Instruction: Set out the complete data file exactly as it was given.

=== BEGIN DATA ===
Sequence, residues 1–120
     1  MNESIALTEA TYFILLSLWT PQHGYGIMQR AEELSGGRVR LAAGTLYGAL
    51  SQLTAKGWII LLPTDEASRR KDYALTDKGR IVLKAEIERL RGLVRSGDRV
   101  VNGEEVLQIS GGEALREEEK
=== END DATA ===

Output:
Sequence, residues 1–120
     1  MNESIALTEA TYFILLSLWT PQHGYGIMQR AEELSGGRVR LAAGTLYGAL
    51  SQLTAKGWII LLPTDEASRR KDYALTDKGR IVLKAEIERL RGLVRSGDRV
   101  VNGEEVLQIS GGEALREEEK